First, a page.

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The Elements of User Experience

Now we can map that whole confusing array of terms into the model. By breaking each plane down into its component elements, we'll be able to take a closer look at how all the pieces fit together to create the whole user experience.

The Strategy Plane

The same strategic concerns come into play for both software products and information spaces. User needs are the goals for the site that come from outside our organization—specifically from the people who will use our site. We must understand what our audience wants from us and how that fits in with other goals it has.

Balanced against user needs are our own objectives for the site. These site objectives can be business goals ("Make $1 million in sales over the Web this year") or other kinds of goals ("Inform voters about the candidates in the next election"). In Chapter 3 we'll go into more detail about these elements.

The Scope Plane

On the software side, the strategy is translated into scope through the creation of functional specifications: a detailed description of the "feature set" of the product. On the information space side, scope takes the form of content requirements: a description of the various content elements that will be required. Chapter 4 will cover the scope elements.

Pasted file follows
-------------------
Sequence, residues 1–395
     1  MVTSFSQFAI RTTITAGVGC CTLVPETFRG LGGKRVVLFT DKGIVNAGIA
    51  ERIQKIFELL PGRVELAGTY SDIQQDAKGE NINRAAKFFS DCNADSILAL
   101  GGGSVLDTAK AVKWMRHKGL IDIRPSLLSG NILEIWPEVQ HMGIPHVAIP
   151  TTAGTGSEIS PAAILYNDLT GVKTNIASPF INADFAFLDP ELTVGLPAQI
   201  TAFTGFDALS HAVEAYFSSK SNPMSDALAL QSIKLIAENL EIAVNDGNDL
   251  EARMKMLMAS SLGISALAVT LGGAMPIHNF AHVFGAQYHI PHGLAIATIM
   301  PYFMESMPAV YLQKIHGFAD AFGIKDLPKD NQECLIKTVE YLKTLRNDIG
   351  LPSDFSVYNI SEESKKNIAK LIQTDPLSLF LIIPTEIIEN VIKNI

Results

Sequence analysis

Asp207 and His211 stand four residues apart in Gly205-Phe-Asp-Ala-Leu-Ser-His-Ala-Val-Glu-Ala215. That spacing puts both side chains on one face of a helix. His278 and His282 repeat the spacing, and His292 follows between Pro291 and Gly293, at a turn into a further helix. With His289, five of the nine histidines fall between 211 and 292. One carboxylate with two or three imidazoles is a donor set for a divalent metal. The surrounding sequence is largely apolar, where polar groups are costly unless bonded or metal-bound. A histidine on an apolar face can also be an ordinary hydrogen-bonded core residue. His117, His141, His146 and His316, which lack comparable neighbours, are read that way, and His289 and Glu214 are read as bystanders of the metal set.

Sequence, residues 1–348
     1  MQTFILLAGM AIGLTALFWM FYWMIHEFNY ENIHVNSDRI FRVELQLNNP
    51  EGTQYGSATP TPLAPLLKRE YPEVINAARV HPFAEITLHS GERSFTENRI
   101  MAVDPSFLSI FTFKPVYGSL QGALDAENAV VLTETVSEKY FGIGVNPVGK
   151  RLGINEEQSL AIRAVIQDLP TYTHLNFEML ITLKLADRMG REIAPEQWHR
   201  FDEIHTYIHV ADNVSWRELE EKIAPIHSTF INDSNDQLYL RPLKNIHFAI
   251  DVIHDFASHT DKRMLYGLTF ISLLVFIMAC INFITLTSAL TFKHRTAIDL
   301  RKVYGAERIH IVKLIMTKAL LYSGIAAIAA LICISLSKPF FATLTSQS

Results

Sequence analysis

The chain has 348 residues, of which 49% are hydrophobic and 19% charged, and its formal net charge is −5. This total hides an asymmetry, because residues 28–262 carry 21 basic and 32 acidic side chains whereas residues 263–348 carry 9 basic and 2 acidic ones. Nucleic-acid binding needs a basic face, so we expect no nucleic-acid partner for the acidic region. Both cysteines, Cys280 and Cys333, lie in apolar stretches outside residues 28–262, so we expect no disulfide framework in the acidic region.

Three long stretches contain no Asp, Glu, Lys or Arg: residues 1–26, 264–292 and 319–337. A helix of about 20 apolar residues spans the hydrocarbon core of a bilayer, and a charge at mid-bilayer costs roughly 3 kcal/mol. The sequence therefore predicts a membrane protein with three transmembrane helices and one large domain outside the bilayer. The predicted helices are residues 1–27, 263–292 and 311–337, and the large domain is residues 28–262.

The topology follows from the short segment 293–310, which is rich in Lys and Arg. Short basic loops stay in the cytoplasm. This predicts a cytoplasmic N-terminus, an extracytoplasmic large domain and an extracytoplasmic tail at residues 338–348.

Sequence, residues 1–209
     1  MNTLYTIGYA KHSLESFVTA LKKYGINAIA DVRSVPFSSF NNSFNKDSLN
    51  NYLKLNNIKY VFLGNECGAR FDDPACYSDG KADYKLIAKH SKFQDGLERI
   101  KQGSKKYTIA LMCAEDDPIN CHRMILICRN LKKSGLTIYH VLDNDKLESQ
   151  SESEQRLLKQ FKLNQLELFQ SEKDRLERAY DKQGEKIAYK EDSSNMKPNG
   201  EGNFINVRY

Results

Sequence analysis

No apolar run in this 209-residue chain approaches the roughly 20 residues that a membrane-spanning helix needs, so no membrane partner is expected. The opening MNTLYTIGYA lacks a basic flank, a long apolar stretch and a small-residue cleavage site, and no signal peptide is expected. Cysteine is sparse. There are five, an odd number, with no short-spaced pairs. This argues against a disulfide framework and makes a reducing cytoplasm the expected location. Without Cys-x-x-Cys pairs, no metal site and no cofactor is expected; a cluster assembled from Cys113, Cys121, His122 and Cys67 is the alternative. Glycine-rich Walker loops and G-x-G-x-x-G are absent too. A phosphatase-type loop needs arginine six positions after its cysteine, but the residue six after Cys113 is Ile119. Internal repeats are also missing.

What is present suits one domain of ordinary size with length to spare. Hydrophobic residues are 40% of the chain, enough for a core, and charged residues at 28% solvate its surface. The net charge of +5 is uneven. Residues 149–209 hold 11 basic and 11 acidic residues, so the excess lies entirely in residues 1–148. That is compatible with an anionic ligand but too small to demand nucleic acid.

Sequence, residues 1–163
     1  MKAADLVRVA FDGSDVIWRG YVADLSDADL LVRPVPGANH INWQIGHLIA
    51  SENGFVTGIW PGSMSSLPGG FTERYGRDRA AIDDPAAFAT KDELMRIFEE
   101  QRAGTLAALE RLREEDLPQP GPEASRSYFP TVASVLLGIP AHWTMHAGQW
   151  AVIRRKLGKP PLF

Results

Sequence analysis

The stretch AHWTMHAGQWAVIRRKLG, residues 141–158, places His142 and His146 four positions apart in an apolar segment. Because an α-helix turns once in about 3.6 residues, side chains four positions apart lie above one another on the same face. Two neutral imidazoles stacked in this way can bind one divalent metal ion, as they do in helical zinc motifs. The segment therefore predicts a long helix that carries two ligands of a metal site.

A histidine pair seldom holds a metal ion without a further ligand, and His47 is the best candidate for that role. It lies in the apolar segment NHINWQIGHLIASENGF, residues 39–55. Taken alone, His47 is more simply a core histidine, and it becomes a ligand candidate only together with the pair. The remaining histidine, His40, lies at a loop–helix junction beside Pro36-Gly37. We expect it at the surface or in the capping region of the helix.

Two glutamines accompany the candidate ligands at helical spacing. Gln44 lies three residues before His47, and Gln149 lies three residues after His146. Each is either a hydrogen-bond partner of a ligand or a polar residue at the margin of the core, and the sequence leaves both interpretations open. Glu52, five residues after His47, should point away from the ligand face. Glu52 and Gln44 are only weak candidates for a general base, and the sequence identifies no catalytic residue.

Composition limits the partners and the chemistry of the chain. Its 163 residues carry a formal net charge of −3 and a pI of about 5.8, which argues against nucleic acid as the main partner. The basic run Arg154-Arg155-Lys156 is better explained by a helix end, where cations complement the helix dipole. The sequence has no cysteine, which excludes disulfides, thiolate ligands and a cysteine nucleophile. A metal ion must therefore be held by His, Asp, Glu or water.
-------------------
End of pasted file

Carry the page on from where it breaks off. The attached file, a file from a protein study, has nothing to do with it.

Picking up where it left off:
The Structure Plane

The scope is given structure on the software side through interaction design, in which we define how the system behaves in response to the user. For information spaces, the structure is the information architecture: the arrangement of content elements within the information space. You'll find more details on these in Chapter 5.

Figure 2.12

The Skeleton Plane

The skeleton plane breaks down into three components. On both sides, we must address information design: the presentation of information in a way that facilitates understanding. For software products, the skeleton also includes interface design, or arranging interface elements to enable users to interact with the functionality of the system. The interface for an information space is its navigation design: the set of screen elements that allow the user to move through the information architecture. There's more about the skeleton plane in Chapter 6.

The Surface Plane

Finally, we have the surface. Regardless of whether we are dealing with a software product or an information space, our concern here is the same: the visual design, or the look of the finished product. It's trickier than it sounds; you can find out all about it in Chapter 7.

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